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Bangladesh Receives $338m ADB Loan to Boost Local Vaccine Production

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The Asian Development Bank (ADB) is set to provide Bangladesh with $338 million in support of domestic vaccine production, aiming to safeguard against a range of diseases. This announcement was made during a meeting between ADB Country Director Edimon Ginting and Planning Minister MA Mannan in Dhaka.

The initiative is part of the Bangladeshi government’s effort to develop a draft project to manufacture vaccines locally, thereby enhancing protection against diseases like COVID-19 and dengue, as well as preparing for potential future health challenges. The ADB’s funding offer consists of a $338 million loan, with half of it carrying a low-interest rate and the remaining portion subject to regular interest.

The ADB is urging the government to expedite the approval of this important project. The Planning Minister assured that diligent efforts would be made to secure swift approval. The ADB Country Director shared that the past fiscal year saw substantial progress in terms of the working environment, disbursement, project implementation, and loan approval in Bangladesh.

The project’s total cost is approximately $351 million. It aims to reduce Bangladesh’s dependence on vaccine imports and bolster domestic production capabilities. The ADB Country Director highlighted that beyond the period of Least Developed Country (LDC) status, Bangladesh may face challenges in procuring vaccines at lower rates and instead may need to purchase them at market prices. To enhance the country’s capacity for vaccine production, this project has been initiated with the aim of swift approval.

Moreover, the ADB has committed $3.5 billion in financing to Bangladesh for the current fiscal year, with approximately $2 billion being concessional and the remaining $1.5 billion being regular funding.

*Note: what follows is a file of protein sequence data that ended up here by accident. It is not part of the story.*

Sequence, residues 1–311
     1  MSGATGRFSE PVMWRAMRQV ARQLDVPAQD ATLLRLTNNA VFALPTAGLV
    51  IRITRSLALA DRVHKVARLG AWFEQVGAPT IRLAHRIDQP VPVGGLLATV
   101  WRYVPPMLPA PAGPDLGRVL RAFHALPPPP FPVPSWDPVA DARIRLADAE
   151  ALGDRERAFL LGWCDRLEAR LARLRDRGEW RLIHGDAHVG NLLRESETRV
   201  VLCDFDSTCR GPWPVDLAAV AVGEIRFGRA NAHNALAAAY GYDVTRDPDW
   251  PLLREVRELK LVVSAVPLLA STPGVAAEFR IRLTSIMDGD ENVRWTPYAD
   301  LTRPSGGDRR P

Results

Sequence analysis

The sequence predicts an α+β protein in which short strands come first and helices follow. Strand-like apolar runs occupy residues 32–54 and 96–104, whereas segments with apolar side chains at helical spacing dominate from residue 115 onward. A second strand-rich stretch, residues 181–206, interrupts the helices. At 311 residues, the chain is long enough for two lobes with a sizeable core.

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Top Bank Executives Ordered to Address Currency Exchange Scandal

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The Bangladesh Bank has issued orders to the top executives of nine commercial banks, instructing them to transfer officials allegedly involved in foreign currency exchange irregularities at Hazrat Shahjalal International Airport. In a Thursday meeting, Deputy Governor Kazi Sayedur Rahman cautioned CEOs against the recurrence of such incidents, urging heightened oversight and security measures at airport booths.

Bangladeshi expatriate workers and travelers typically convert foreign currencies to Taka at bank booths and money exchangers upon returning to Bangladesh. However, some officials were found to be involved in exchanging foreign currencies directly without issuing proper vouchers or with fake vouchers, a practice considered money laundering.

The implicated banks include state-run Sonali, Janata, Agrani, and Probashi Kallyan, along with five private banks: Pubali, Jamuna, City, Mutual Trust, and Standard. The Anti-Corruption Commission (ACC) verified the allegations following a formal complaint, conducting a raid and investigation at Shahjalal Airport on Monday.